Experience Making the Difference

The difference between the first practice last spring and the one that took place on Friday isn't hard to figure out. It's experience. There was uncertainty at multiple positions last year before the season started, but this spring, even the position battles that haven't been settled feature players who have already proven they can contribute.

"It's always good to have experience," Florida right fielder Preston Tucker said. "We don't know what the lineup is, but we have a ton of guys who can fill in spots for us. The fact that we know that guys have been there with another year of experience, it'll help us when we need a guy to step up in a clutch situation."

When practice opened in the spring of 2010, the Gators had three of eight positions in the field locked down. Tucker, before switching to right field for this year, was coming off SEC Freshman of the Year honors, and there was no moving him away from first base.

Josh Adams was coming off back-to-back seasons that saw him earn All-SEC honors at second base, and Matt den Dekker was heading into his fourth year as the starter in center field.

But that was it.

As the season began, catcher Mike Zunino, shortstop Nolan Fontana and third baseman Austin Maddox all proved they belonged in the starting lineup as freshmen. Other positions remained in flux throughout the season.

This spring, the only departure from the team is den Dekker. The returning players have created hype around the team, even earning a No. 1 ranking in the country earlier in the week from Baseball America.

There's a different feel at McKethan Stadium as spring practice begins. It's more about fine-tuning for most players. There are still position battles, notably in left field and center field. If a bench player has a torrid start to the spring, the coaches can still have the flexibility to get the player at-bats.

However, it's the stability and returning talent that have earned Florida a top-three ranking in every poll out so far.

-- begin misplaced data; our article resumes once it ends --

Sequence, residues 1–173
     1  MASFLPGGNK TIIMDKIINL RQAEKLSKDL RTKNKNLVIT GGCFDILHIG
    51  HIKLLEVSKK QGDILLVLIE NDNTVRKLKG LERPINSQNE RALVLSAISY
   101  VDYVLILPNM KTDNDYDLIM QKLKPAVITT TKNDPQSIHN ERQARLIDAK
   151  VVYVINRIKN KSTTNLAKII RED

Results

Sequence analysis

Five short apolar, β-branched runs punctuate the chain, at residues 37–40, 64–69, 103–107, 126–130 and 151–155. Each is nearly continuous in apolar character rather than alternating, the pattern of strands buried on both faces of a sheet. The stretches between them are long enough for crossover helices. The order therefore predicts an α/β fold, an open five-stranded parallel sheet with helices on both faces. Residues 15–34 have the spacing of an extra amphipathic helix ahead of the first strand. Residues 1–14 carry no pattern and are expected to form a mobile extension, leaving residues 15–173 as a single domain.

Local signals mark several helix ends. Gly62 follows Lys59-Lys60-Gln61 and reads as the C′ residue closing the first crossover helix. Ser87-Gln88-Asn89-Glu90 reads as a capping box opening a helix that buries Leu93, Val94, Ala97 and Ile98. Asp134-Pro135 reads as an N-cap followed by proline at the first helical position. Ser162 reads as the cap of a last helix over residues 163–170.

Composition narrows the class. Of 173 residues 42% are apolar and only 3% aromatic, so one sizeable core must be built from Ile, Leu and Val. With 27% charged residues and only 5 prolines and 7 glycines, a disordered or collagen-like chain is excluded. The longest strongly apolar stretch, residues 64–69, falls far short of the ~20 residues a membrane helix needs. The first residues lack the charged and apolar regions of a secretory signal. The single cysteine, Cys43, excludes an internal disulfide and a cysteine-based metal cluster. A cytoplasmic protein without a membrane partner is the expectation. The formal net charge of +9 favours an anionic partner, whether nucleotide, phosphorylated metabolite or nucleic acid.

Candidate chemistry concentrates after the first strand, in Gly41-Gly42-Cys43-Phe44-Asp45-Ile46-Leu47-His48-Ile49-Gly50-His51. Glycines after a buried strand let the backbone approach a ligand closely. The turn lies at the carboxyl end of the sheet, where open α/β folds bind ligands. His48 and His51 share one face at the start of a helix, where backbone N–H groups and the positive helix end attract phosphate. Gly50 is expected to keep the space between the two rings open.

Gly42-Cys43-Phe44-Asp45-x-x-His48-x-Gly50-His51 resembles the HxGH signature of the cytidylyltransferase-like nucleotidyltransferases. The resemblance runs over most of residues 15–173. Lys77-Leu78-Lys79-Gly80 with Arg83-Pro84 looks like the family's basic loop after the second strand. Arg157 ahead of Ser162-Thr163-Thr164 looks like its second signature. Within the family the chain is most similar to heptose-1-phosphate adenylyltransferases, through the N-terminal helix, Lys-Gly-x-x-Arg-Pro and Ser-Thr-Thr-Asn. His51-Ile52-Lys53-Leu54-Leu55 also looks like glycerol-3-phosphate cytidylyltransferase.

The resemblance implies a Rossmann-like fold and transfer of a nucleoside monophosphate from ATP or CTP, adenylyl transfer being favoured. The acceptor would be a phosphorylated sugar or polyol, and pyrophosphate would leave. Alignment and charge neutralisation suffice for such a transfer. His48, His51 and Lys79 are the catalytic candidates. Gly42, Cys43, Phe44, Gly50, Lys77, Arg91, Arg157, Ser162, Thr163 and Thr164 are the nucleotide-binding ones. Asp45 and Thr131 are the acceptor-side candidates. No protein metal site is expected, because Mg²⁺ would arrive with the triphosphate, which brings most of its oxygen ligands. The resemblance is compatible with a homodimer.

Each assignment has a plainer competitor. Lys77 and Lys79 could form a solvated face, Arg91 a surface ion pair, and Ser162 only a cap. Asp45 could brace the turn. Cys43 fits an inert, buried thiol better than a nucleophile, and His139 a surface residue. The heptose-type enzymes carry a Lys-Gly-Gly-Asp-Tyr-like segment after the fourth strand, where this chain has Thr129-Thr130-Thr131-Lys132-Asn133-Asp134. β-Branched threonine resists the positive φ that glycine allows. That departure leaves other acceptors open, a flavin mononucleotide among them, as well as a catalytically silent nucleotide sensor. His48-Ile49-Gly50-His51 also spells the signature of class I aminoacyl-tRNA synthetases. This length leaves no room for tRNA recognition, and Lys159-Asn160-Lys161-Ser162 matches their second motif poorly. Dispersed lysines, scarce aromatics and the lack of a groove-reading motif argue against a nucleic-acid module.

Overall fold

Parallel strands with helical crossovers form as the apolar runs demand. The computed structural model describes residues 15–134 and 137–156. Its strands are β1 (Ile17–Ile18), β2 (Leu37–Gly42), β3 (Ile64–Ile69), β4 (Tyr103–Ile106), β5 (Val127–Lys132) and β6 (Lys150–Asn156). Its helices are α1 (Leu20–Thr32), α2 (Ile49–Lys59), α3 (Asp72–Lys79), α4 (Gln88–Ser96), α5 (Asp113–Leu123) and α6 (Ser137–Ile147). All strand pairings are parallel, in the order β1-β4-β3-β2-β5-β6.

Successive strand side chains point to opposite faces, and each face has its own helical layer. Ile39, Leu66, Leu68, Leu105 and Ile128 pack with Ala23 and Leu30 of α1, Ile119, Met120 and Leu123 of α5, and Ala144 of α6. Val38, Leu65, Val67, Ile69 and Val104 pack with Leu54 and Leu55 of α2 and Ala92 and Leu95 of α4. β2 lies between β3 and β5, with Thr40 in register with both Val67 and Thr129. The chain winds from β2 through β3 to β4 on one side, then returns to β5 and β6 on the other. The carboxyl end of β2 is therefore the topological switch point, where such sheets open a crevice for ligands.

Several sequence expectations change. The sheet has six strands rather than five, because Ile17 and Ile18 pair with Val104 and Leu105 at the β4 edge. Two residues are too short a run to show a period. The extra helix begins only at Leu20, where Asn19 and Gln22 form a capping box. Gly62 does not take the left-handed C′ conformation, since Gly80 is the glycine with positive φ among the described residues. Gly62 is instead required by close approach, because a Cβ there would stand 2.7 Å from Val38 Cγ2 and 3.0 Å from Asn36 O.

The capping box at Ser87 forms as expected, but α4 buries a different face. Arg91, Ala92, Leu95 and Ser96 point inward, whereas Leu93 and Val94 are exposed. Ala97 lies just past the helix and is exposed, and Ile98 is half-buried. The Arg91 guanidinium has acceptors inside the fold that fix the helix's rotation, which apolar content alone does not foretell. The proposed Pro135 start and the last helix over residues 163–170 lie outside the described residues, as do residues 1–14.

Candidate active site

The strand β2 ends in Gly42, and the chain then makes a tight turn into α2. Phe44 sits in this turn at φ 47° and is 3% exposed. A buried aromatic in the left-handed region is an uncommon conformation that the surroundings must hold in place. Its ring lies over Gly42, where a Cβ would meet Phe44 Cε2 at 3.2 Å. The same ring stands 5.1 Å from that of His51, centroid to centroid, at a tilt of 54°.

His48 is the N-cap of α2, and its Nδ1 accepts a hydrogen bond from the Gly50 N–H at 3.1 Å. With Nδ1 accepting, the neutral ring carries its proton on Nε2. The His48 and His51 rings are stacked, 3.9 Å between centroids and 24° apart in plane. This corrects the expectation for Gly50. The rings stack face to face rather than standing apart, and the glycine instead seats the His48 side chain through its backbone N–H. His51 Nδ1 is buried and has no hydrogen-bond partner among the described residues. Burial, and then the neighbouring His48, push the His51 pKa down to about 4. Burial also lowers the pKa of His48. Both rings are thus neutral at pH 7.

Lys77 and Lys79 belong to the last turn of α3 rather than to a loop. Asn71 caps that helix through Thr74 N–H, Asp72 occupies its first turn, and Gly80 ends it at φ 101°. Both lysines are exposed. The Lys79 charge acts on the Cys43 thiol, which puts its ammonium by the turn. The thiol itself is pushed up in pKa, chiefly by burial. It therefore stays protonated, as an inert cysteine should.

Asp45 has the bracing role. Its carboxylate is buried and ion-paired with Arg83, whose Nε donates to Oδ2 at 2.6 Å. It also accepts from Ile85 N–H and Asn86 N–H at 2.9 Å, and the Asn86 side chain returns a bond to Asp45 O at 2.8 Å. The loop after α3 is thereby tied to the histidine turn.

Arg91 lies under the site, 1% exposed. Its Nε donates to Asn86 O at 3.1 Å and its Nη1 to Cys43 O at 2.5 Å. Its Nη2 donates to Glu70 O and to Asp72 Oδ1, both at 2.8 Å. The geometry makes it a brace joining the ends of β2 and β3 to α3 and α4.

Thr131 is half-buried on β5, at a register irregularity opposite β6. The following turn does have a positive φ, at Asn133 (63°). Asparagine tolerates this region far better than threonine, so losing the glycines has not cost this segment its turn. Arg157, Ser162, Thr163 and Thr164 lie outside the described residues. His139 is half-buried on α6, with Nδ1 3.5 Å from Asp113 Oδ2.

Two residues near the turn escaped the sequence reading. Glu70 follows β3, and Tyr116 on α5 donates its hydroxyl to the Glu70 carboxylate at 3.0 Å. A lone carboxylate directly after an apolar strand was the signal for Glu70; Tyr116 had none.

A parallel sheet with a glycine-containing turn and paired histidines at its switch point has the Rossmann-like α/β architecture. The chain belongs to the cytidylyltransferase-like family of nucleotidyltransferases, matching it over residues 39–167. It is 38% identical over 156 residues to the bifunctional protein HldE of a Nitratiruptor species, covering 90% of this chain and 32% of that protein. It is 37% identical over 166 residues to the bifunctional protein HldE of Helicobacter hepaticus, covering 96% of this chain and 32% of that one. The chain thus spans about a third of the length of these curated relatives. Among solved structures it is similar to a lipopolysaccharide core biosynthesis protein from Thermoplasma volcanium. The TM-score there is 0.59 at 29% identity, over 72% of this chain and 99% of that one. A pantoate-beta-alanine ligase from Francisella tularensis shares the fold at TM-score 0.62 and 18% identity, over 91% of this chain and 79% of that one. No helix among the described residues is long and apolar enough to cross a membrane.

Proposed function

"It's just so much easier coming in as a sophomore than a freshman because you know what to expect," first baseman Brian Johnson said. "You know what you're going to get at practice and what you're going to do."

The experience of young players didn't force the Gators to compromise success last season. In fact, the team's play allowed them to play in big environments. The Gators clinched the SEC Championship last season in front of record crowds at South Carolina. Weeks later, they were playing before crowds in excess of 20,000 at the College World Series.

Seeing those environments as freshmen forced the team to mature before many expected them to.

"As a coach, you can give a player a lot," Florida head coach Kevin O'Sullivan said. "You can coach in a lot of different ways and give them things to improve on. But, the one thing you cannot give a player is experience."

That's what makes the start of spring practice this year different. Five of the eight starters in the field on opening night are expected to be sophomores, and they have already played in the biggest environments in college baseball.

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